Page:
U.S. Department of Energy

Pacific Northwest National Laboratory

PNNL seeks to revolutionize metabolomics research with University of Alberta Professor David Wishart

Professor David Wishart performing sample analysis.

PNNL is proud to announce Professor David Wishart will be joining our Earth & Biological Sciences Directorate in a joint appointee with the University of Alberta.

In his role as Senior Scientist, he will contribute to PNNL’s metabolomics and cheminformatics strategic research efforts. Dr. Wishart’s joint appointment brings his international expertise to complement PNNL’s strengths in advanced instrumentation and analytical methods for metabolomics data acquisition. Over the next 4 years, Dr. Wishart will lead the Computational Core for the Pacific Northwest Advanced Compound Identification Core (PNACIC), a $4 million project funded by the National Institutes of Health Common Fund Metabolomics Program located at PNNL. PNACIC’s goal is to revolutionize metabolomics research by developing computational approaches for accurately predicting the molecular properties of small molecules. Once this computational information is in-hand, researchers can then validate the data through experimental measurements. Ultimately, this project will lead to comprehensive chemical characterizations of biomedical samples.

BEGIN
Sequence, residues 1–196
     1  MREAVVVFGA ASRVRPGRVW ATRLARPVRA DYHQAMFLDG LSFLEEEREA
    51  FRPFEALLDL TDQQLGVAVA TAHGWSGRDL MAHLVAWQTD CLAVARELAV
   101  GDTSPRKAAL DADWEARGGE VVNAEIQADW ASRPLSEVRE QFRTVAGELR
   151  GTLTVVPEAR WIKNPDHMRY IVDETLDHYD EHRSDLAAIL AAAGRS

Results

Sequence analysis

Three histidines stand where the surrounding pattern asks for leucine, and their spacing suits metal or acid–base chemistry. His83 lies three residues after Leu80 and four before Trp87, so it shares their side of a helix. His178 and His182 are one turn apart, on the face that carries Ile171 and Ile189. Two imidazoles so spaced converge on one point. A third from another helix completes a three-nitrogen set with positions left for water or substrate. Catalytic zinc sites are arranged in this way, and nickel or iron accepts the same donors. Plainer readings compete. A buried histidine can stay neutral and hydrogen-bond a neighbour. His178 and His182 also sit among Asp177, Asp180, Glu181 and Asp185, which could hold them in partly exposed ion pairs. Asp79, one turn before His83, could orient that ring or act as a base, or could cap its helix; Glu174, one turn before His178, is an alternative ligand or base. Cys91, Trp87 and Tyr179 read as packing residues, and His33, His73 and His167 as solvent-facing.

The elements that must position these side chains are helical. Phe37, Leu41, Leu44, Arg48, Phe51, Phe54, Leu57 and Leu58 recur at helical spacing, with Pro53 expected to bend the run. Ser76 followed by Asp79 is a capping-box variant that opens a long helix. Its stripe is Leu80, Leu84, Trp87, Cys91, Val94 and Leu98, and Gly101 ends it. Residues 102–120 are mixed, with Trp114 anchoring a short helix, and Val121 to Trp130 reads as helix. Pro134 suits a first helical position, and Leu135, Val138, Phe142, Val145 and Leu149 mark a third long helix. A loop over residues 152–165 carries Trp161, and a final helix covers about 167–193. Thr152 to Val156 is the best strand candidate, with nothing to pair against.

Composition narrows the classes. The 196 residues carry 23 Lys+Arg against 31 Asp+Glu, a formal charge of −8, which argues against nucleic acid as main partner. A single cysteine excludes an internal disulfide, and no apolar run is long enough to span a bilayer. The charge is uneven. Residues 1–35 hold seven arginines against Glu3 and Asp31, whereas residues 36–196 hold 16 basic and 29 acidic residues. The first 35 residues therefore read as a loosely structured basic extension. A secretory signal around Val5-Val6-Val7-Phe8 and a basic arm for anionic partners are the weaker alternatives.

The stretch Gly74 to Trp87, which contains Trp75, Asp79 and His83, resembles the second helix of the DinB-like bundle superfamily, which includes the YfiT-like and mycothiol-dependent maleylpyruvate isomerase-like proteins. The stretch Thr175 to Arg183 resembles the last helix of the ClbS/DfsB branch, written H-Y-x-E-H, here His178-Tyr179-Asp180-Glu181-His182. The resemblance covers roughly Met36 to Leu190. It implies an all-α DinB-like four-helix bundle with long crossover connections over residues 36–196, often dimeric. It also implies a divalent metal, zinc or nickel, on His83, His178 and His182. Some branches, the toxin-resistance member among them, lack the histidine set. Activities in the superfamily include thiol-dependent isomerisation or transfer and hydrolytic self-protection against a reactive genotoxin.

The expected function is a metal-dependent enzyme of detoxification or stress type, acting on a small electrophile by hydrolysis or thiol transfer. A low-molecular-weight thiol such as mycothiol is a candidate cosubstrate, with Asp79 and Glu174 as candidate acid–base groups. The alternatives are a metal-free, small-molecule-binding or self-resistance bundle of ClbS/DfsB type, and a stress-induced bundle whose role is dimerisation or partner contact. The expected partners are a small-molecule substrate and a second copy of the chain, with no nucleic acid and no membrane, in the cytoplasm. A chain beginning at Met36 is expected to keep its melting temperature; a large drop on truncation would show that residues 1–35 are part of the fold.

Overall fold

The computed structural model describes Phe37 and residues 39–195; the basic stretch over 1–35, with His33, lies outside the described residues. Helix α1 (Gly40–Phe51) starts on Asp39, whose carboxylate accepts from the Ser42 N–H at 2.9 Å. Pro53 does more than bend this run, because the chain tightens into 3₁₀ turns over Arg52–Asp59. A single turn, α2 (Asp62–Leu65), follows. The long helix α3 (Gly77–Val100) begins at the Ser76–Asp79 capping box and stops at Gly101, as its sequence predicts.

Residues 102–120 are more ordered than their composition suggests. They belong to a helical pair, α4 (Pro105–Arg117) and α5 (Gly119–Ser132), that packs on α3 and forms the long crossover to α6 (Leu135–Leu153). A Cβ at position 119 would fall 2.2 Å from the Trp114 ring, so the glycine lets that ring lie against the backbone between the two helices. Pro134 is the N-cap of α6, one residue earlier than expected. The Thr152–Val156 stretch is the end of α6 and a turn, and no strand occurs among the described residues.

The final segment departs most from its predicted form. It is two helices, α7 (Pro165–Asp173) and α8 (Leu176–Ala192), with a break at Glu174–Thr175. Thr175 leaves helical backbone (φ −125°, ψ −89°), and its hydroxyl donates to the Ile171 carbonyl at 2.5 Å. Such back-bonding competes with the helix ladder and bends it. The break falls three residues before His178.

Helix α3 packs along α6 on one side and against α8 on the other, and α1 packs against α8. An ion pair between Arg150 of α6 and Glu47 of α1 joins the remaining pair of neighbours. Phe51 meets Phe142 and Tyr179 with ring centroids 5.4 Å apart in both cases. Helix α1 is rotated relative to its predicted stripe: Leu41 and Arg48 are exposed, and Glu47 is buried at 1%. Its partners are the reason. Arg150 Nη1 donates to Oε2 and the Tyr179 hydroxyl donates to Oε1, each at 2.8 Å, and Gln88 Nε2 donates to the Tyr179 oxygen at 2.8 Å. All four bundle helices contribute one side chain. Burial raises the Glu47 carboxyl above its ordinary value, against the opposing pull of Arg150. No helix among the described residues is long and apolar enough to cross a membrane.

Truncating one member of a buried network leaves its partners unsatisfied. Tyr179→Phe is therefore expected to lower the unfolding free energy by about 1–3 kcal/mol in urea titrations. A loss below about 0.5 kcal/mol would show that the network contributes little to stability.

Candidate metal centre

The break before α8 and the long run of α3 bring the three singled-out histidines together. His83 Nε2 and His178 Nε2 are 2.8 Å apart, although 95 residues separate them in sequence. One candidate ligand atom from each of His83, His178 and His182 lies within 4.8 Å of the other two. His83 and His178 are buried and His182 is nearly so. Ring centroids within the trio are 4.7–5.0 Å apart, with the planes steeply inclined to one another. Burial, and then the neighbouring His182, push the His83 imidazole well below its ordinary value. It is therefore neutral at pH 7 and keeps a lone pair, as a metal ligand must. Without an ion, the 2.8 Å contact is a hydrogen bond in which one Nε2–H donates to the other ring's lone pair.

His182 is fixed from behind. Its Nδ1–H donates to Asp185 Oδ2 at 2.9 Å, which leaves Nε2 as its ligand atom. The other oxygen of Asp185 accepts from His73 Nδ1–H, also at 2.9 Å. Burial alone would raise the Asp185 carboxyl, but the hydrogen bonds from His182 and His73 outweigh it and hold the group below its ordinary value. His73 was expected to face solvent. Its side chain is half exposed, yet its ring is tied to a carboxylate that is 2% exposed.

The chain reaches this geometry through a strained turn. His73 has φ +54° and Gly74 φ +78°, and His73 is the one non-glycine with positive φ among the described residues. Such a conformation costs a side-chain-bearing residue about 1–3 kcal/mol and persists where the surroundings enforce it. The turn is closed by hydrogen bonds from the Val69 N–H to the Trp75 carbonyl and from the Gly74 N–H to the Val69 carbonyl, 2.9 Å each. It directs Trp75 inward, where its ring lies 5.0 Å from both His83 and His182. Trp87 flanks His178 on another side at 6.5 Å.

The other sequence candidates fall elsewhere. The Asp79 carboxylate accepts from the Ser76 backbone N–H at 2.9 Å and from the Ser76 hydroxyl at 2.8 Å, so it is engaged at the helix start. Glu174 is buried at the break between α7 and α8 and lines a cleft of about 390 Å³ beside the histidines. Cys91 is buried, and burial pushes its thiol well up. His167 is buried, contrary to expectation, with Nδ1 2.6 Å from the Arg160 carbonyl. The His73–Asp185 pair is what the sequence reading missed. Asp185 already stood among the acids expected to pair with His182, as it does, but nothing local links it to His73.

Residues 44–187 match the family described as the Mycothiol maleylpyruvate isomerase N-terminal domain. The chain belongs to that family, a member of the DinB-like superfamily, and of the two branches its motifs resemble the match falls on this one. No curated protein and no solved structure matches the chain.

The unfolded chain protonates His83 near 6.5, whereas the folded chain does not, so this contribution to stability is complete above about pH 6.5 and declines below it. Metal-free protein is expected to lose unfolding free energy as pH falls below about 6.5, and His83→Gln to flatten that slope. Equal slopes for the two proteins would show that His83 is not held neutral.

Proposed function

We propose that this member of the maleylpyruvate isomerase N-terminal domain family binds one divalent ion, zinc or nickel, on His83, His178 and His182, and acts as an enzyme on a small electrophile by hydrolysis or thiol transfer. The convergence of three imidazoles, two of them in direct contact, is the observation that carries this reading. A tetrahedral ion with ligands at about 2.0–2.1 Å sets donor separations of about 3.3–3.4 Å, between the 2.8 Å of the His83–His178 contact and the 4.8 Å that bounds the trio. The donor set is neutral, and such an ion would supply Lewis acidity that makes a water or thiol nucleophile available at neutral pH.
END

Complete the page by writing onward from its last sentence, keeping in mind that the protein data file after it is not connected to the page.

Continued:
As the director of The Metabolomics Innovation Centre (TMIC)—a multi-university network that serves as Canada’s national metabolomics laboratory—Dr. Wishart is a recognized leader in computational metabolomics and cheminformatics. For the past 10 years, he has led the Human Metabolome Project, an international effort to catalogue all known metabolites in human tissues and biofluids. To date, the Human Metabolome Project has identified over 114,000 metabolites. These metabolites help inform the Project’s several ongoing studies to detect biomarkers for cancer, organ transplant rejection, and prion and prion-like diseases, as well as mechanisms for wound healing.

PNNL continually seeks joint appointments with researchers from other institutions as a way to leverage scientific expertise and capabilities to further scientific advancement and broaden our impact in solving national priorities. This approach to creating connections is a win-win for researchers and scientific exploration as a whole.

December 2018
| Pacific Northwest National Laboratory